A new research area involves the applications of mathematics to the study of various aspects of cell metabolism, in particular, folate and methionine metabolism. The folic acid cycle plays a central role in cell metabolism. Among the important functions of the folate cycle are the synthesis of pyrimidines and purines and the delivery of one carbon units to the methionine cycle for use in methylation reactions. Dietary folate deficiencies as well as mutations in enzymes of the folate cycle are associated with megaloblastic anemia, cancers of the colon, breast and cervix, affective disorders, cleft palate, neural tube defects, Alzheimers disease, Down's syndrome, preeclampsia and early pregnancy loss and several enzymes in the cycle are the targets of anti-cancer drugs. The methionine cycle is important for the regulation of homocysteine, an important risk factor for heart disease, and for the control of DNA methylation. Both hyper- and hypomethylation have been proposed as crucial steps in chains of events that turn normal cells into cancerous cells. The purpose of the project is to use mathematics to understand normal folate and methionine metabolism, DNA methylation, and purine and pyrimidine synthesis and then to understand how they are affected by alterations in diet and gene abnormalities. This is a joint project with Fred Nijhout of the Duke Department of Biology and Cornelia Ulrich of the Fred Hutchinson Cancer Research Center. See: M.C. Reed, H. F. Nijhout, R. Sparks, C. M. Ulrich, A Mathematical Model of the Methionine Cycle, Journal of Theoretical Biology , 226 (2004), pp. 33-43, and Nijhout, F., Reed, M., Budu, P. and N. Ulrich, A Mathematical Model of the Folate Cycle - New Insights into Folate Homeostasis, J. Biological Chemistry , 279 , 55008-55016.
A continuing research area is the study of information processing in the mammalian auditory brainstem by the use of mathematical and computational models. The purpose is to understand what the nuclei in the brainstem (and midbrain) are computing and how they do it. This is done by creating mathematical and computational models, based on known (partial) information about physiology and anatomy, which incorporate hypotheses about the details of the anatomy and physiology of the nuclei and the ways in which the nuclei communicate with each other. By investigating these models and comparing the results to experimental findings one can (one hopes) confirm or reject the hypotheses and thus contribute to understanding of the brainstem. Recent work has utilized probabilistic methods and has focused on hyperacuity and the mechanism of sharpening timing as information progresses from the auditory periphery up the brainstem. This is joint work with Colleen Mitchell. See, for example: M.Reed, J. Blum, and C. Mitchell, Precision of Neural Timing: Effects of Convergence and Time-windowing, J.Computational Neuroscience , 13 (2002), 35-47.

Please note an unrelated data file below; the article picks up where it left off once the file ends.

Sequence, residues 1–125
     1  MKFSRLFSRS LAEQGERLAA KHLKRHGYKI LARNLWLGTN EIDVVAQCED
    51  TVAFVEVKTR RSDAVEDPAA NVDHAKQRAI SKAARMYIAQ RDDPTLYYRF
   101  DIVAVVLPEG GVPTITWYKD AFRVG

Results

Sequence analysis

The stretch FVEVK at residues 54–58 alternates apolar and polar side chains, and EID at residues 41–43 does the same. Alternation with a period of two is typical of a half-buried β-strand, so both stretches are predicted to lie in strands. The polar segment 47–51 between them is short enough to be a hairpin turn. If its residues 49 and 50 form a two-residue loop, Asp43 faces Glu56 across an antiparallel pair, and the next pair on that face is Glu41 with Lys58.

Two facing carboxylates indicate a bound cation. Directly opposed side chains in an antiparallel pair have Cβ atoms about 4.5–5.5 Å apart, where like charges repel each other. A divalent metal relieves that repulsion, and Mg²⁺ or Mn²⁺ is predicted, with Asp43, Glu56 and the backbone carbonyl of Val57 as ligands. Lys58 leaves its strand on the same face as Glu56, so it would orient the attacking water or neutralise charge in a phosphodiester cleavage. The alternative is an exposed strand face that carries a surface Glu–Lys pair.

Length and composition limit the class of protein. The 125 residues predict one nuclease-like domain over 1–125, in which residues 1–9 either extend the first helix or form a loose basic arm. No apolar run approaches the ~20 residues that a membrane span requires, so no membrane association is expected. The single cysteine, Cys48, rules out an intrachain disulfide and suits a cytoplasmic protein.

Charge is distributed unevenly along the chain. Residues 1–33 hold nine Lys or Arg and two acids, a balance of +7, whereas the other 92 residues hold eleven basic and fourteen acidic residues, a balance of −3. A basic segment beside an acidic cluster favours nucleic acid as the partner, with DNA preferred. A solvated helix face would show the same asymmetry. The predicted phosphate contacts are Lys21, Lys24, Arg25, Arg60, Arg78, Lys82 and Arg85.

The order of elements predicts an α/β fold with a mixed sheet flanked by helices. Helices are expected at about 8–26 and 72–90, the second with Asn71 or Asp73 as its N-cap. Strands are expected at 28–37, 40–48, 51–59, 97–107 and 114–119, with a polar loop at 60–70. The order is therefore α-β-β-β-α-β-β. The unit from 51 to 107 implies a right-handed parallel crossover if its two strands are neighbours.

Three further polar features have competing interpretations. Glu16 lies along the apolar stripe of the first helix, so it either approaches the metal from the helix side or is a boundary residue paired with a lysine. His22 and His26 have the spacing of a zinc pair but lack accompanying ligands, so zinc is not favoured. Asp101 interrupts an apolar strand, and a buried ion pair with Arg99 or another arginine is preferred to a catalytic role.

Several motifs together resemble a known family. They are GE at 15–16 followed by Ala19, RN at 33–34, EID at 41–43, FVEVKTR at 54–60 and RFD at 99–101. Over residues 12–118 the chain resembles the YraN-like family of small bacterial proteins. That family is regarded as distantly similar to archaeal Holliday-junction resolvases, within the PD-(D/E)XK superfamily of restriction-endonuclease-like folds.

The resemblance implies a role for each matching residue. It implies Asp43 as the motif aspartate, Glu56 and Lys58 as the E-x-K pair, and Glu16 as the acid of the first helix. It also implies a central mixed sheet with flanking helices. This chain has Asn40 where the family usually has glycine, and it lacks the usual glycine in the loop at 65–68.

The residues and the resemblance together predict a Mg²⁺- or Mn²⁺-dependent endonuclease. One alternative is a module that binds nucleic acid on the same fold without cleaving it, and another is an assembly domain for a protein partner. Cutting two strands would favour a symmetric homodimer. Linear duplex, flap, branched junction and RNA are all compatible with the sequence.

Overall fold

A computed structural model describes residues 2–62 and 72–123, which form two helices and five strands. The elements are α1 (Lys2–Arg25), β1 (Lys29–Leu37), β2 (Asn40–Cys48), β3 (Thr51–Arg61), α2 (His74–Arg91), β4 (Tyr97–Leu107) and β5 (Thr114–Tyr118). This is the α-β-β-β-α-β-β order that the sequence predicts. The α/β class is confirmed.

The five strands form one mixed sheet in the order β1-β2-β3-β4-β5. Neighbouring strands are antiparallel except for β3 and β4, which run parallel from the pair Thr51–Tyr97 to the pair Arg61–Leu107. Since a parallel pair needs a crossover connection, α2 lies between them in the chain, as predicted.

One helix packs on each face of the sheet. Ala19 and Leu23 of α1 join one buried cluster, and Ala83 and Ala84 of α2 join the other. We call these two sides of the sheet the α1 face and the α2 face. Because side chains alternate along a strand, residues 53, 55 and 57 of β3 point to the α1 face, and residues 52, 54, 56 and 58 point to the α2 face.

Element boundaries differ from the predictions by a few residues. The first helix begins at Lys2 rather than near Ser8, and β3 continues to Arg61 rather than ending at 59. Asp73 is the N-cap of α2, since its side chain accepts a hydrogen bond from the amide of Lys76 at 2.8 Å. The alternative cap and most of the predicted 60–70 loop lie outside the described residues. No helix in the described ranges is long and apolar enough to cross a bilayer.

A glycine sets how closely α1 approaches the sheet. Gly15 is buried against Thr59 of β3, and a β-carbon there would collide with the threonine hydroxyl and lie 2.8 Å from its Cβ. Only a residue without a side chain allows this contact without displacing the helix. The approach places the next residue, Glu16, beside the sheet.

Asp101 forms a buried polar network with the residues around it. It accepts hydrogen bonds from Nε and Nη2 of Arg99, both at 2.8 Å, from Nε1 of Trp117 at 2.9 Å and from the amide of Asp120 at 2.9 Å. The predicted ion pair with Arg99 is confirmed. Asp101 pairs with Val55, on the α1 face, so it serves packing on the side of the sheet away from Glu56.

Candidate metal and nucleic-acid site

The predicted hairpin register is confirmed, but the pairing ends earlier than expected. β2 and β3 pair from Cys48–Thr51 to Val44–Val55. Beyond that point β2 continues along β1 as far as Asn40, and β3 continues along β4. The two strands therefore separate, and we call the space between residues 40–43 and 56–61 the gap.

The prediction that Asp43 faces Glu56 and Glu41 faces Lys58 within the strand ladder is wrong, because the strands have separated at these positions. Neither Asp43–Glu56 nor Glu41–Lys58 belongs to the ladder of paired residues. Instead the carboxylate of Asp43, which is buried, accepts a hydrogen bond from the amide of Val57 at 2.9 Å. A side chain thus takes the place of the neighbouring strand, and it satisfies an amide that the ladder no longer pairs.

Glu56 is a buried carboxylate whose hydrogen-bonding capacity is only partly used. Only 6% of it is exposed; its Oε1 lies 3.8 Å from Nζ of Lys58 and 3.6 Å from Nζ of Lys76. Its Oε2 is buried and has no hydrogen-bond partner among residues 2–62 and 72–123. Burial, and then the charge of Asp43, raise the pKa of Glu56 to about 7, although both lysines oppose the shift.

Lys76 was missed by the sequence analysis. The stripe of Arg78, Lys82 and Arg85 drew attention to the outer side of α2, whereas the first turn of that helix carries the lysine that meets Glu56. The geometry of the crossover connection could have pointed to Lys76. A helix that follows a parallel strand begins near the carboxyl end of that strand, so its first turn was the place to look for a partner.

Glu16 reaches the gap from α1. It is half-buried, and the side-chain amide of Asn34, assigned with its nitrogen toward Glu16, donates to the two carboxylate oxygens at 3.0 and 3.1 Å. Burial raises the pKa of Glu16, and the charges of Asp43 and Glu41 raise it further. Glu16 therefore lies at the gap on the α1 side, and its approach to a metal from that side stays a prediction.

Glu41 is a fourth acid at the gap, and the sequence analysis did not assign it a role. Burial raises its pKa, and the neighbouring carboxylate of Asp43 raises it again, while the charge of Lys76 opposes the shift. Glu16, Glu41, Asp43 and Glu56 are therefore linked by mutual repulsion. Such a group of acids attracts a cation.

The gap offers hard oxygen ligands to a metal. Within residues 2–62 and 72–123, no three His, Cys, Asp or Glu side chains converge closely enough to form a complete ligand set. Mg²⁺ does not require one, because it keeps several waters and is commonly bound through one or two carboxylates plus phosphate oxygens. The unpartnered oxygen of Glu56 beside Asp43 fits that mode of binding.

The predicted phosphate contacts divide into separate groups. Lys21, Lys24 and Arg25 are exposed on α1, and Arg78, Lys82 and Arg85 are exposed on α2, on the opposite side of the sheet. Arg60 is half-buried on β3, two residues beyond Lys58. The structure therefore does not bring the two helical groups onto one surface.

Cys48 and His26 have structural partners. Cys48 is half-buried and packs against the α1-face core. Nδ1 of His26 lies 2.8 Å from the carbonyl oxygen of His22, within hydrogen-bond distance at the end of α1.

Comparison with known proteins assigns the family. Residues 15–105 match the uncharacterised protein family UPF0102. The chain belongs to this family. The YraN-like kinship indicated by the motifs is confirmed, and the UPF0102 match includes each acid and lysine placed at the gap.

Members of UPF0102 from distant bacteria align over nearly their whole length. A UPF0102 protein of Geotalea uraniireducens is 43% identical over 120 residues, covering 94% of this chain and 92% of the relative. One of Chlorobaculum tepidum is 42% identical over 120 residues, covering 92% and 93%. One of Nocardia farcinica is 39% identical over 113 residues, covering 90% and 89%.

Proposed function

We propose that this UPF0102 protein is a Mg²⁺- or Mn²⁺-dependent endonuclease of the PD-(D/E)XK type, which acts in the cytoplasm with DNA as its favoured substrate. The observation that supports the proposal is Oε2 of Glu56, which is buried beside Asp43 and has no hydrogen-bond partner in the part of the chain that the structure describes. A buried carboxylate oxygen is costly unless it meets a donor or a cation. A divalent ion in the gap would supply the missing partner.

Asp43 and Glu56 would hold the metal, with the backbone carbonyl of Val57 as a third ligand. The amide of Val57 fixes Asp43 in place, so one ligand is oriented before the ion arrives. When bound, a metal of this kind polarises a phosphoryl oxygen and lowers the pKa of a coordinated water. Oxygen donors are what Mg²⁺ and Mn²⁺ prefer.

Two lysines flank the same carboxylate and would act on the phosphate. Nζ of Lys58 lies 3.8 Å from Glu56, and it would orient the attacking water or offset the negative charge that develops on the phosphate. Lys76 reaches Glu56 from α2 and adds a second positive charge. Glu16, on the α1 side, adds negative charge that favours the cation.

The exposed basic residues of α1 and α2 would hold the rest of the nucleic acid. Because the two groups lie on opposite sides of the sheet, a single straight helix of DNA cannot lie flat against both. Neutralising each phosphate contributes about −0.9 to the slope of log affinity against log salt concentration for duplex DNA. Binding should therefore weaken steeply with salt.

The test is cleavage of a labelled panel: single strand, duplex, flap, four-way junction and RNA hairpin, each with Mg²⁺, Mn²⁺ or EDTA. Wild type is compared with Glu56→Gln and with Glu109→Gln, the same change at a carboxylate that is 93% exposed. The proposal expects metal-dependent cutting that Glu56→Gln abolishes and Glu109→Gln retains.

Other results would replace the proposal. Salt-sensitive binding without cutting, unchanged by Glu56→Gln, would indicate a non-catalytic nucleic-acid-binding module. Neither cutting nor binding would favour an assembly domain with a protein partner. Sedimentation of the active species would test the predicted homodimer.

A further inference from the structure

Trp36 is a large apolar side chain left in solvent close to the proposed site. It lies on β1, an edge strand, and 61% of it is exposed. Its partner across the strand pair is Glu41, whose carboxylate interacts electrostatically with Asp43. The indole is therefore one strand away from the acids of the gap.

A recent research project studies the biochemical cascade by which pituitary cells produce luteinizing hormone in response to pulses of GnRH released by the hypothalmus (with J. Blum, Talitha Washington, and Michael Conn of the Oregon Health Sciences Center). See, for example: M. Reed, J. Blum, Jo Ann Janovick and M. Conn, A Mathematical Model Quantifying GnRH--induced LH Secretion from Gonadotropes, Amer. J. Physiol. Endocrinol. Metab. 278 (2000), 263-272, and T. Washington, J. Blum, M. Reed, and M. Conn, A Mathematical Model for LH Release in Response to Continuous and Pulsatile Exposure of Gonadotrophs to GnRH, Theoretical Biology and Medical Modelling , 1 (2004), 1-17.
A current research project involves the study of large systems of ordinary differential equations that arise from chemical reactions, for example in cell metabolism and cell signalling processes. What properties of the system depend only on the geometry and topology of the reaction diagram? What classes of reaction diagrams guarantee certain kinds of system behavior? How can large systems be simplified and yet keep their essential behavior? How do stochastic variations of one component of the system affect the other components? This is joint work with David Anderson (Ph.D., 2005) and Jonathon Mattingly.
A current research project involves the study of time-delayed partial hyperbolic differential equations. The goals are to prove global theorems about existence, propagation of singularities, and asymptotic behavior in time. See, for example, T. Laurent, B. Rider, and M. Reed, Parabolic Behavior of a Hyberbolic Delay Equation, SIAM J. Analysis , 38, 1-15, 2006.